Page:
Bail jumper ordered extradited on 2001 rape charge

A man, who joined the police force after failing to show up for his rape trial in Denton, Texas, was ordered extradited by the Court of Appeal on Friday.

Nyahuma Anthony Bastian, 44, was arrested on charges of burglary, sexual assault, aggravated assault and causing harm to his former girlfriend in April 2001, while they were both students at the University of Texas.

The three-person panel unanimously rejected arguments by Bastian’s lawyer, Murrio Ducille, that there was insufficient evidence to support the allegations; that it would be unjust or oppressive to extradite him given the age of allegations; and that he could not get a fair trial as a young black man.

Following the court’s decision, Bastian’s $30,000 bail was revoked and he was remanded to the Bahamas Department of Corrections.

According to the decision, Bastian, who was on $50,000 bail, traveled out of the country during his trial in July, August, September and November of 2001, on a student visa.

In 2002, his American lawyer sought an adjournment because U.S. customs had required him to present proof that he was still in school. The lawyer said that Bastian had applied for a B-2 visa, which he anticipated would be granted on February 20, and “once the visa is granted, the defendant intends on returning to face trial on these charges”.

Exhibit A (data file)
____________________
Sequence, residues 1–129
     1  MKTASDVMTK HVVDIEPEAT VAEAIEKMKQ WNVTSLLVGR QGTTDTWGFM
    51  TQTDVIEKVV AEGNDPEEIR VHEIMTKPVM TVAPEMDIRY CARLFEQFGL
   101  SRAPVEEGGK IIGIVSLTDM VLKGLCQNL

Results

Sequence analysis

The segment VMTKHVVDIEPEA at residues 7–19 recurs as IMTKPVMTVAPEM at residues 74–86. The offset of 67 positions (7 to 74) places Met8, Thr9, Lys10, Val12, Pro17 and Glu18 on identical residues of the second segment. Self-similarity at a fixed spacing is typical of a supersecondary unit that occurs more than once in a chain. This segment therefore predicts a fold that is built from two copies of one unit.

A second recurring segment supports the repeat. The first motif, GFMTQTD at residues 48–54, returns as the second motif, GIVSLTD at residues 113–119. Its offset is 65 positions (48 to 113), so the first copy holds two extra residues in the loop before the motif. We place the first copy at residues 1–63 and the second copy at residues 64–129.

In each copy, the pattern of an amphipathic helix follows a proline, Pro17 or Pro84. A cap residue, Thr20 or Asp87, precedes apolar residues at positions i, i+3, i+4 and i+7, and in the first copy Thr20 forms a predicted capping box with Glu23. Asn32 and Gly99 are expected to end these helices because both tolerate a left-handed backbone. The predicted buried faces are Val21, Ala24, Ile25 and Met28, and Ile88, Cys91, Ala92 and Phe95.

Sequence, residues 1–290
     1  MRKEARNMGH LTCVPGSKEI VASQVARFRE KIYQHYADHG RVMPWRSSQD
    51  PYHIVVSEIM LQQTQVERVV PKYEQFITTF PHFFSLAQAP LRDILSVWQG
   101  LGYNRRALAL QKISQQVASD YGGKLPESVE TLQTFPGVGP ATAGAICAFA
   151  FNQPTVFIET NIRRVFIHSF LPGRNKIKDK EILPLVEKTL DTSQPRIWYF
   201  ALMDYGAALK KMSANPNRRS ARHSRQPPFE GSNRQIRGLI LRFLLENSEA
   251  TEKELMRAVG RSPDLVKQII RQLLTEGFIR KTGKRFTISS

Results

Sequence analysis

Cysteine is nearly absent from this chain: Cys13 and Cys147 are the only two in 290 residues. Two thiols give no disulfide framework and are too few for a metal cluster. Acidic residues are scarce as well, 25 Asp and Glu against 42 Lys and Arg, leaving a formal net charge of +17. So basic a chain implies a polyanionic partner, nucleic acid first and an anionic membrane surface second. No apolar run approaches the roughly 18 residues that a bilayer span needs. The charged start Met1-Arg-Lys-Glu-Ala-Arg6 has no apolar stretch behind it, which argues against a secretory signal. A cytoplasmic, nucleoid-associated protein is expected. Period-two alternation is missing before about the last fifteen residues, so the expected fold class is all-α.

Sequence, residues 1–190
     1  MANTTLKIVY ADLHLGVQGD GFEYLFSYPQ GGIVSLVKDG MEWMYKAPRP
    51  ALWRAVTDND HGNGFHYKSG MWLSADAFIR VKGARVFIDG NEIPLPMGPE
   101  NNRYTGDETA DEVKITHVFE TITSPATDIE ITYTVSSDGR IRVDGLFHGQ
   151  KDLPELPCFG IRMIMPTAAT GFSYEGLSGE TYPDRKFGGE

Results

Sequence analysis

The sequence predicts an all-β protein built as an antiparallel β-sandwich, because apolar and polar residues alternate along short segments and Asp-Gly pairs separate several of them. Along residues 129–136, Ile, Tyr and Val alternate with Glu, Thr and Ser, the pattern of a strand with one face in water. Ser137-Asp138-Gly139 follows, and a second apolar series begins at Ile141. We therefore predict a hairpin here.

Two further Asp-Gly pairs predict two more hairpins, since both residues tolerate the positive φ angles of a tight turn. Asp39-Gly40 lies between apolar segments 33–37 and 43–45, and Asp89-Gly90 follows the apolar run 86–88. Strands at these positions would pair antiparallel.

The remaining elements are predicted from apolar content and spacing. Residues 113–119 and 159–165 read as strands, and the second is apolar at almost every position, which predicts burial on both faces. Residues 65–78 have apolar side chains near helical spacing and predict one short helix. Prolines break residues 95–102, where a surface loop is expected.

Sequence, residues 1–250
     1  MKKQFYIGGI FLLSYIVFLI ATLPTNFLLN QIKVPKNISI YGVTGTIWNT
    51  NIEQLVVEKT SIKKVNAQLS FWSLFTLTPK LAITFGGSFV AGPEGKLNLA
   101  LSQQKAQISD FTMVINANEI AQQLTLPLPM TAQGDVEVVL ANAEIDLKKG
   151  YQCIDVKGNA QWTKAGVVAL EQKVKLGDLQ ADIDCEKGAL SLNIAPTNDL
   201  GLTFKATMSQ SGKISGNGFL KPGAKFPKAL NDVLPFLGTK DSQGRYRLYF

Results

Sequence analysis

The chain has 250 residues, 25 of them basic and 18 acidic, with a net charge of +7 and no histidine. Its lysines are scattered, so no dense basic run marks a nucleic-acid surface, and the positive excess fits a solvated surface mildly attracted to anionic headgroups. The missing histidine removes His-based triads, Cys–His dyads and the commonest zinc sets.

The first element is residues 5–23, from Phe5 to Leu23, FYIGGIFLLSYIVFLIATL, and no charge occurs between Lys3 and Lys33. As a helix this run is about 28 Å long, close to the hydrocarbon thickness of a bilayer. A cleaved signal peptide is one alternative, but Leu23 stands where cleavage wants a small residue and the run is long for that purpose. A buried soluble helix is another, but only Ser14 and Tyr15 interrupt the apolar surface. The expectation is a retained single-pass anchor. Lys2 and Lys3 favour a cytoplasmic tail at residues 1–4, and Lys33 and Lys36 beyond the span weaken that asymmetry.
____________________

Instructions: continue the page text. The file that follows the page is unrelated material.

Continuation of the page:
A warrant was issued for his arrest on April 9, 2002.

However, the U.S. Sheriff’s Office did not locate him in The Bahamas until 2008 and steps were made to extradite him.

Bastian was not picked up on the extradition request until 2010.

Ducille argued that Bastian’s extradition would be “egregious, particularly because the appellant was a serving police officer in The Bahamas for years and sometimes worked with Interpol, an agency known to work cooperatively with law enforcement agencies internationally; and that would involve the FBI”.

Justice of Appeal Jon Isaacs wrote, “On the matter of the appellant being a serving police officer for years, I could only remark that his enlistment must have occurred shortly after he failed to return for his trial. Both conscious decisions, that is, to join the police force and not to return for his trial, were voluntarily made by the appellant and within a short compass of time.”

As for whether Bastian could get a fair trial based on his race, the court ruled, “It is clear that complaint of racial bias can be addressed by the judicial processes of the United States of America and safeguards exist under the domestic law of the requesting state to protect the appellant.”

The court ruled that the sufficiency of the evidence would be determined during his trial in Texas.

Neil Brathwaite and Cassie Bethel appeared for the requesting state.

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Artesia Davis

Artesia primarily covers court stories, but she also writes extensively about crime.

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